So having persuaded you to enter a show what do you do? Well before you do anything you need to obtain the show schedule for the show you are going to enter. Although this may seem a grand name do not be put off, as it merely gives a list of all the classes in the show and explains some of the rules that you need to follow. You should also be aware that the Royal Horticultural Society produce a booklet called the Horticultural Show Handbook and this contains specific rules that exhibitors need to follow. Now I do not wish to put you off exhibiting at the earliest of stages so unless you are taking this whole thing very seriously and wish to read this Handbook from cover to cover, I would suggest that you do not read it until you have a show or two under your belt.
As long as you read the show schedule correctly and follow what it says you cannot really go wrong so long as you consider and always remember the following when selecting your fruit:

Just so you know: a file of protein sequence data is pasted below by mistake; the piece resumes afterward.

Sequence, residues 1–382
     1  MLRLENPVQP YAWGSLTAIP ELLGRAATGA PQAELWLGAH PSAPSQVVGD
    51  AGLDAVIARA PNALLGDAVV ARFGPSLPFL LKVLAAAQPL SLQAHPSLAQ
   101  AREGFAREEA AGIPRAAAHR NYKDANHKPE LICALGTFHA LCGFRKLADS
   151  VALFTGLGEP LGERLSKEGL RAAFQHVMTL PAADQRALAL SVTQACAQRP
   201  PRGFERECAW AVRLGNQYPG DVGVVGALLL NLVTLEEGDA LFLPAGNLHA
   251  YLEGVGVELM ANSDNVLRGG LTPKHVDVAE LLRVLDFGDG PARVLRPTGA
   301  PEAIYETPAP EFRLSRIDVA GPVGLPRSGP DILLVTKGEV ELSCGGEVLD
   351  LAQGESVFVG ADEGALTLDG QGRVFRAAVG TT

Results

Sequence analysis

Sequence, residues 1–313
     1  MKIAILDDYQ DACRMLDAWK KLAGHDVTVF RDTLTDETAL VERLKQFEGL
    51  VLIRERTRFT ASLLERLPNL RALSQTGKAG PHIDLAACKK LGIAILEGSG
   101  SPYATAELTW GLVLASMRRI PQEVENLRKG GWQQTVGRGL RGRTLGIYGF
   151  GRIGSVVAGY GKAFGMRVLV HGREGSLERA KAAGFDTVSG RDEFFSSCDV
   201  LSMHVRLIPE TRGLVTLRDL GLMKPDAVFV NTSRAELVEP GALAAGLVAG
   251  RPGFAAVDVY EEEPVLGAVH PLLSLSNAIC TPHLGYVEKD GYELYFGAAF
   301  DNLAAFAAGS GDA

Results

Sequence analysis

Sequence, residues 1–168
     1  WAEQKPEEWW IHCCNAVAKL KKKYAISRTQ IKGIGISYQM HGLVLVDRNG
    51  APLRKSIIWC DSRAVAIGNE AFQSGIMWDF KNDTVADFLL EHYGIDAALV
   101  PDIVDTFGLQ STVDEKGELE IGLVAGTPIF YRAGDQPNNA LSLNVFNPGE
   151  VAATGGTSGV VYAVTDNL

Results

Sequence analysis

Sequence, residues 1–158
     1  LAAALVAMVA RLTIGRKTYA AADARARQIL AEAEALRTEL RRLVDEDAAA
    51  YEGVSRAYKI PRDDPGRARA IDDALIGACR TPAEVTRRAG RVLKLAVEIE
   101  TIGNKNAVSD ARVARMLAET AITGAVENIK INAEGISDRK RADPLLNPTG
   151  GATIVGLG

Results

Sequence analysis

Condition – the fruit that you exhibit should in a good condition and ripe but certainly not overripe. However, apples, pears and gooseberries may be exhibited unripe. Eliminate, if possible, any fruit that has disease or pest damage. Never polish your fruit to make it look better and try and preserve the “bloom” that you find on a number of fruits e.g. plums.
Size – the fruit must be of good size for its particular variety. For dessert apples the judges will be looking for a size of around 7.5cm (3in) although some varieties such as Pitmaston Pineapple and Winston are inherently small and Jonagold and Jupiter are inherently large.
Colour – the fruit colour should be characteristic of the variety e.g. only select red specimens of the apple Discovery as it is a red apple (although when fruits are hidden under leaves they tend to remain green).